Making the Case: Tim Duncan

Wizards v/s Spurs 02/12/11

The Stone Buddha. The Big Fundamental. When you say these names, the person you immediately think of is NBA player Tim Duncan. To be fair, these names perfectly represent Duncan, because he wasn’t a flashy player. However, even if he wasn’t flashy, Duncan was easily one of the most complete players the game has ever seen. I literally can’t think of anything he was bad at, because as a big man, he was able to pass, shoot, defend, and facilitate the game’s pace. His level of dominance isn’t one that you can solely base on stats; his dominance came from his prowess across the board. Though, before I explain further, I’m going to take some time to talk about how he first came into the league.

Duncan was drafted with the first pick of the 1997 draft to the San Antonio Spurs, and immediately made his impact known, averaging 21.1 points and 11.9 rebounds per game. His team ended with a record of 56-26 and went to the playoffs but lost in the second round. However, in the next year, Duncan led his team back to the playoffs and won the NBA Finals with Duncan winning the Finals MVP trophy. In the next couple of years, Duncan averaged similar stats, but still steadily increased in both ppg and rpg. Then, in both 2000-2001 and 2001-2002,  Duncan won his first two regular-season MVPs. These two were extremely monumental achievements, because at this time, Shaquille O’Neal, one of the greatest centers to ever play the game, was in his prime in the league. Also, in the 2001-2002 season, the San Antonio Spurs won their second championship with Duncan winning his second Finals MVP. Then, in 2004-2005, the Spurs won their third championship with Duncan winning his third Finals MVP. After this season, the Spurs would go on to win two more championships with Duncan, and eventually, in 2016, Duncan retired. Duncan finished with the fourteenth most points scored in NBA history, the sixth most rebounds in NBA history, and the fifth most blocked shots in NBA history. Along with these crazy statistics, Duncan also led his team to the playoffs in every season he played (1997-2016).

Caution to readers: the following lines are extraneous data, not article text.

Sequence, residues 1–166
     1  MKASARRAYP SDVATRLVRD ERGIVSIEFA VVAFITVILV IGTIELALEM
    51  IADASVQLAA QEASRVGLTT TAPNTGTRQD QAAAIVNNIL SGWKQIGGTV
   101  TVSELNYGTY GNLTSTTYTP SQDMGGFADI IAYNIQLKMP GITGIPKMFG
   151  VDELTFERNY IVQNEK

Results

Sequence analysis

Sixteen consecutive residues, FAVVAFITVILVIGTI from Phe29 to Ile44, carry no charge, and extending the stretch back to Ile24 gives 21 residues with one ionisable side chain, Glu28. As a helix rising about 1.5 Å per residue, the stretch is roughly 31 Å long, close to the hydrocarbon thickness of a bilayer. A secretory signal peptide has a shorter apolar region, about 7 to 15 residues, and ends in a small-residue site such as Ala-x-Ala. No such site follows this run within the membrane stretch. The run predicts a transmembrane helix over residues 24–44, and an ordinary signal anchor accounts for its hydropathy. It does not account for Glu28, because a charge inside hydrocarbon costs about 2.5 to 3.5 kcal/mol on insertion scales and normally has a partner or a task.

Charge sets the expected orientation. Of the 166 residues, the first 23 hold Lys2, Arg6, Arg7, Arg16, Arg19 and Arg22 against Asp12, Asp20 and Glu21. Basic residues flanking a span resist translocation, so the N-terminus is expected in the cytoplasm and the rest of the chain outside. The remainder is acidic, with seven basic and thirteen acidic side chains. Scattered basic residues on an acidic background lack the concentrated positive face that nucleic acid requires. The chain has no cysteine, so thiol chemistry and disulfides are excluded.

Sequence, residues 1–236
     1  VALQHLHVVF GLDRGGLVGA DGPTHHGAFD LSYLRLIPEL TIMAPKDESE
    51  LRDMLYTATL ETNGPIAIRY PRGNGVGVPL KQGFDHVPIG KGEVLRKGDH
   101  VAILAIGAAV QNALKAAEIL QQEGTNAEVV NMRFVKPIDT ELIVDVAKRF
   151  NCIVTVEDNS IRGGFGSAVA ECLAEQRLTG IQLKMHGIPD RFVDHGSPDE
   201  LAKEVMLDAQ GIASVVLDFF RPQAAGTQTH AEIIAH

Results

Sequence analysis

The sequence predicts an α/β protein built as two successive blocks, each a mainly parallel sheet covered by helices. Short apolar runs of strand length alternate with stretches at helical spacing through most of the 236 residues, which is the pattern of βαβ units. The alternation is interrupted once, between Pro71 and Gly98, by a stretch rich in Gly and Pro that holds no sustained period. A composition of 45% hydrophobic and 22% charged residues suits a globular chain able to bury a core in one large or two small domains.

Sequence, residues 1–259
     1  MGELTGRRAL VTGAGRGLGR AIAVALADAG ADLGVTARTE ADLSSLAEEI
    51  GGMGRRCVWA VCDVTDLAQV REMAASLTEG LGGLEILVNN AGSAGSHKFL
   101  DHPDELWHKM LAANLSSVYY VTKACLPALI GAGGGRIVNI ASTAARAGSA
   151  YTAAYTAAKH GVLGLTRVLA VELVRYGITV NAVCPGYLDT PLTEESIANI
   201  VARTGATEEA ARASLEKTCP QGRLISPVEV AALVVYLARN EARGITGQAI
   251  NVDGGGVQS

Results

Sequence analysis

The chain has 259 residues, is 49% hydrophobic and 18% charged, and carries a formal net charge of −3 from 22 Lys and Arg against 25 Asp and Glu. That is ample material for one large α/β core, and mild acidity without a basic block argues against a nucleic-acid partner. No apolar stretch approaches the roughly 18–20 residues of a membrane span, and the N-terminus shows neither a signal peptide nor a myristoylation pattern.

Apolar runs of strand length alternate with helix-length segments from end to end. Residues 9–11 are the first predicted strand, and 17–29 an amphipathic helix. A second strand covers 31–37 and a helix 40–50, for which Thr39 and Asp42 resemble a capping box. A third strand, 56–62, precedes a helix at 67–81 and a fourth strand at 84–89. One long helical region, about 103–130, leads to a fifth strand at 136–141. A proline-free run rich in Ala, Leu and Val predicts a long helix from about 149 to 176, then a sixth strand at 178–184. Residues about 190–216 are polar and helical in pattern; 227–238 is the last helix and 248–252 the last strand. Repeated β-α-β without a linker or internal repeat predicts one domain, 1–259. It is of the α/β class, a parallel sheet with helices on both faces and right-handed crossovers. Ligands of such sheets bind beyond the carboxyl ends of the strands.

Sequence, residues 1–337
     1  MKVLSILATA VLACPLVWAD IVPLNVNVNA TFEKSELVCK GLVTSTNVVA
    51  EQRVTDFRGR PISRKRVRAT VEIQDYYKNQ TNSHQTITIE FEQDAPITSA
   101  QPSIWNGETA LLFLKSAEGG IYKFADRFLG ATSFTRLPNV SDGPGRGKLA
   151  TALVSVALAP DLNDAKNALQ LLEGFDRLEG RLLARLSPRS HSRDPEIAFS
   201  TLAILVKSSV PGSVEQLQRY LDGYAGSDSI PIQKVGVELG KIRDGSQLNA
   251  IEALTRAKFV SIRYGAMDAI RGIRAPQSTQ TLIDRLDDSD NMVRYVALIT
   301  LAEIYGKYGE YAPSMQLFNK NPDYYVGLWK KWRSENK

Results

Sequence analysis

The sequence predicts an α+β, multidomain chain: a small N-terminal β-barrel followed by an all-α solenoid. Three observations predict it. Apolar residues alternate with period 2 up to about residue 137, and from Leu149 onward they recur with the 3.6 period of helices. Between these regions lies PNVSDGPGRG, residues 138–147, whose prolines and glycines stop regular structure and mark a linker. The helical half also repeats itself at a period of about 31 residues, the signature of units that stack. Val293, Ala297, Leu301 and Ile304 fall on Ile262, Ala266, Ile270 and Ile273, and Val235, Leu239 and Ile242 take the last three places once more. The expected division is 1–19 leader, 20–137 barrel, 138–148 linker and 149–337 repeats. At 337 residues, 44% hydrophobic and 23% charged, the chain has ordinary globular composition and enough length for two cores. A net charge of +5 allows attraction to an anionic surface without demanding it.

The reason why I believe that Tim Duncan can be considered the GOAT is because of how he was able to stay so consistent over his 19-year career. He led his team to the playoffs each time, with much harder competition than most (I think that the 2000s were the most competitive decade in terms of game style and pace). He was also able to remain a lethal defender and scorer for most of his career, and essentially, the argument that I’m going for here is his longevity. Also, another reason why I look at him as a possibility for the GOAT is because of how indisputable it is that Duncan is the GOAT power forward. I can’t think of a plausible argument for any other power forward as the greatest, and if Duncan can be considered the GOAT power forward so easily, why is he so readily left out of the GOAT debate?

What do you think?

About the Author

Madhav Parthasarathy
Madhav “Mod-Off” Parthasarathy is from the peaceful city of Palatine, Illinois. At IMSA, he lives in 1505 B wing where he spends his time relaxing with his wing mates. Other than Wordpress, he is involved in math team, chess team, debate, science bowl, TALENT, and ALLIES

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